I thought he was having a nightmare.
Reassuring, and trying to calm him had no effect, so I got out of bed and went around to his bedside.
His mouth was clenched tightly, and he ground his teeth.

Symptoms of this kind of seizure are:
Violent body contractions, loss of consciousness, a pause in breathing, urinary incontinence, tongue or cheek biting, and confusion and weakness following the event. Tiredness similar to having walked 100 miles.

Ray suffered no incontinence, however, he did have all of the other symptoms.
I stabilized him, took the pillow out from under his head and placed him in the unconscious position to facilitate breathing. At first he was snoring, then he paused, and stopped breathing. After a deep breath he commenced breathing again with a rapid intake of air. Snoring followed.
I quickly opened the windows and put the ceiling fan on, to help with O2 intake.
I then phoned 000 and rushed to turn the outside light on, and leave the front door open for entry.
The paramedics arrived in about ten minutes.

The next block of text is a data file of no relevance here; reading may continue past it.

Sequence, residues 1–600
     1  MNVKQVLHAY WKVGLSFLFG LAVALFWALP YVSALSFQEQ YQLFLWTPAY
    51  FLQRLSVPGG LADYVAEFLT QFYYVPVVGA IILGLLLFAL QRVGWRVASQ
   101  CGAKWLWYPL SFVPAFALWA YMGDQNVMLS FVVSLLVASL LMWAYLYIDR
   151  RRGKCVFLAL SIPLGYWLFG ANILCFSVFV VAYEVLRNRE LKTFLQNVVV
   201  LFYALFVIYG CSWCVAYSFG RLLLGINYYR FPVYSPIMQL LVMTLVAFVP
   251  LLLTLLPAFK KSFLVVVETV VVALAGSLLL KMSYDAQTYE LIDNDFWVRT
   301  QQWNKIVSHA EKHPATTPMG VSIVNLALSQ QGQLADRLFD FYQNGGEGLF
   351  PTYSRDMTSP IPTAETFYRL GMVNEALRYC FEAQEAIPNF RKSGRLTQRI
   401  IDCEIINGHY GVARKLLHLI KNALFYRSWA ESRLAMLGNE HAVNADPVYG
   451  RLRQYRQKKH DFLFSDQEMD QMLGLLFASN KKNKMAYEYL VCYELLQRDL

Rays blood pressure was elevated at first and then dropped back to normal.
Blood Sugar Level normal.
O2 blood oxygen sats 95%
Temperature normal.

Ray was taken to the local hospital and after observations, since he was still confused, he was admitted to a ward upstairs.
G.C.S below average with limb weakness. Eye's reacting, pupils size 3.
He had no recollection of day, month, season, Prime Minister of Australia's name.
He had no recollection of what happened, or the paramedics taking him out to their truck.
Ray was kept in hospital all day and allowed home the day after.
His C.T. scan of the head was normal.
He is to attend his personal physician and receive private care.

Almost two days later, he couldn't remember how to say Grace before his meal.
He hasn't talked very much, and is distressed at times about his lack of memory.

  A cause of seizures can be Post Traumatic Stress Disorder.

* *  ADD ON:  Ray saw his doctor. He has an appointment to see a Neurologist.
                          As yet we have not been given the date. I pray it is soon.

Thursday, 31 May 2012

May 2012

 This is Rays wife writing....
Its a hard life being the wife of a Vietnam Veteran.
I thought because I had professional experience in Mental Health that I would be prepared for life with Ray, I was not!
Working in Mental Health and getting time off is different to being with a Vet, 24/7.   Ray is a good man. He is kind, however, he is still a damaged soul.
Ray spends most of the day, and much of the night on the computer. Sometimes I think he will fall off the computer chair and onto the floor. As he sits there staring at the screen totally oblivious of anything else. 
That includes me.
I call him to come and eat... No answer.